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Cybernetic Transport Systems for the cities of tomorrow

European Union
Complete with results
Geo-spatial type
Project Acronym
STRIA Roadmaps
Smart mobility and services (SMO)
Transport mode
Road icon
Transport policies
Transport sectors
Passenger transport


Background & Policy context

Anyville, like numerous European cities faces numerous challenges associated with the use of private vehicles. Problems include road congestion, energy expenditure, noise and pollution, all of which degrade the quality of urban life. These, in turn, by diminishing the attractiveness of living and working at the city centre contribute to the development of unsustainable suburbs.

Nevertheless, there is an increasing awareness that technology can contribute to a sustainable development of our European Cities. This should go through the adoption of a global approach, based on sociological, economical, environmental parameters. This way, novel intelligent transport systems could be implemented, which would alleviate the above-mentioned problems.


The goals of the CyberMove project are to improve the attractiveness and quality of life in Anyville by reducing the use and the parking needs of traditional cars. This will be achieved by new transportation systems based on cybercars as a complement to public mass transportation. Cybercars offer a cleaner and safer transportation mode available to everyone including people who cannot (or should not) drive for a level of service better than with private cars (door to door, individual, on-demand transportation).

CyberMove's aim is to create a new transportation option for city authorities to move towards sustainability and increase the attractiveness of city centres.

While the new technologies for vehicles and infrastructure development start in the framework of Intelligent Vehicle Systems (an IST key action), the CyberCars consortium ( now launches CyberMove in the framework of the key action "City of Tomorrow and Cultural Heritage" of EESD (Energy, Environment and Sustainable Development). The CyberMove approach is to demonstrate new technologies in several European Cities, with the aim of addressing a broad range of barriers such as : technology confidence, customs, landscape scenery, user-friendliness, regulations,.. etc.


CyberMove is a 3 year project, launched on December 1, 2001. It starts with an analysis of user needs, a definition of operating scenarios and a pre-design phase. The first planned milestone is the selection of sites in the 12 cities which have officially expressed their interests. The second milestone consists of guidelines for safety design in those selected cities. A design review is the last milestone before the Mid Term Assessment of the project, which will clarify demonstration plan and budget. Demonstrations are expected during the project in at least 3 European sites.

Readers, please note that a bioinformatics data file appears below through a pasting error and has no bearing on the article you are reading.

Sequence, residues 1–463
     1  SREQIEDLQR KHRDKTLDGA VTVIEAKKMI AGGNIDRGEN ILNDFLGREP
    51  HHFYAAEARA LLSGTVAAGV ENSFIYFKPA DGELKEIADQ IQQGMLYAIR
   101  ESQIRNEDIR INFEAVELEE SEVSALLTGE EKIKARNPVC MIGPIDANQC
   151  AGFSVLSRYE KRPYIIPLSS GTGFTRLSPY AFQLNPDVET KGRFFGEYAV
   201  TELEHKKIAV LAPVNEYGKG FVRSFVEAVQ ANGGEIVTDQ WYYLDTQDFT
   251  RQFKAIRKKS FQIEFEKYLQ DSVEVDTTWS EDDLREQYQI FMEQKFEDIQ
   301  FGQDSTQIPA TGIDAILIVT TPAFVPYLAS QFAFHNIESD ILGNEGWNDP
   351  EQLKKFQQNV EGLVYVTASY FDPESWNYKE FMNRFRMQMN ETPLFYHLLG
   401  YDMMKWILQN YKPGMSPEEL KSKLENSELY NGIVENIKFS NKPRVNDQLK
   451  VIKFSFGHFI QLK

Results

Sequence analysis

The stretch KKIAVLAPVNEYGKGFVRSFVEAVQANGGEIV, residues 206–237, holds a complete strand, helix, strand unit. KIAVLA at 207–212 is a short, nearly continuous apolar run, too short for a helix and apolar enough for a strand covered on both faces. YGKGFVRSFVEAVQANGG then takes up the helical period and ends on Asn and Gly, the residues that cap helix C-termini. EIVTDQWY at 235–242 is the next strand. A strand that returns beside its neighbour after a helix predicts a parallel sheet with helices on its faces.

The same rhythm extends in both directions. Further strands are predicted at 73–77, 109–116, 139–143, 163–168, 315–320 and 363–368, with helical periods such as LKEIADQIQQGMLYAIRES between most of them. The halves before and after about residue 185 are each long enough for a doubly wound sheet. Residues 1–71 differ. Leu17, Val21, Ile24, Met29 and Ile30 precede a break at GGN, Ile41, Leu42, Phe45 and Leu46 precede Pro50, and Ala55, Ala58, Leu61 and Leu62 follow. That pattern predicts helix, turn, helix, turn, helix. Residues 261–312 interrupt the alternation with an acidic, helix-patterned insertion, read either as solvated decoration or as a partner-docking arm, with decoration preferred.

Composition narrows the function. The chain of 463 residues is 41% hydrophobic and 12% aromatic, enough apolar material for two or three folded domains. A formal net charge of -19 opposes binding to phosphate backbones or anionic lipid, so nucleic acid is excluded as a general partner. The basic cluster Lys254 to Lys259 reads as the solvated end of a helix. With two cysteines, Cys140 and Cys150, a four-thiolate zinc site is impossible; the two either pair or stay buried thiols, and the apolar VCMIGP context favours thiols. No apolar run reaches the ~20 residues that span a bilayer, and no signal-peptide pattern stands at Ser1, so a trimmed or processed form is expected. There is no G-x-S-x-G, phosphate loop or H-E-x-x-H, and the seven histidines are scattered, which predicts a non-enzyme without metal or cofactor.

CyberMove will be actively involved in clustering activity of the 4.4.2. Key Action of the EESD Programme. This cluster will widen the scope of individual projects, ensuring better consistency and co-ordination between the related projects, researchers and stakeholders, increase the awareness of new and emerging scientific trends and finally encourage the emergence of integrated solutions.


Parent Programmes
Institution Type
Public institution
Institution Name
European Commission, Directorate-General for Energy and Transport (DG TREN)
Type of funding
Public (EU)


CyberMove Project demonstrated the effectiveness of Cybernetic Transport Systems (CTSs) in solving city mobility problems and proved that they have now reached high levels of reliability, safety and user friendliness. Depending on how it is designed a CTS can virtually accomplish any transport task: it can provide a park shuttle service for an historic city centre or a business park; it can be a feeder for the main public transport network or the only available transport service in a quarter or a village; it can serve students and personnel in a campus; and it can even be a city wide transport system. For each of these services CyberMove experimented, tested or simulated different design solutions and can now provide, depending on them, figures on performances and costs.

Technical Implications

CTS can be most successfully employed for two short distance transport services: as feeders for the main public transport network and as park shuttles linking car-parks to one or many destinations. CTSs provide better transport services, if they are designed so, than low frequency buses but interfacing a CTS with a low frequency bus line would waste the CTS benefits in terms of its attractiveness on the users. The service best accomplished by long distance CTSs is the city wide service. CTSs can provide a more convenient transport service than metros and, sometimes, even than cars, but they need dedicated and fully segregated high speed infrastructures.

Policy implications

CTS is usually socio-economically viable and the community would benefit in its installation. CTS installation can be the big opportunity for a local administration to invert the European tendency to travel more and more by car even inside the cities.


Lead Organisation
EU Contribution
Partner Organisations
EU Contribution


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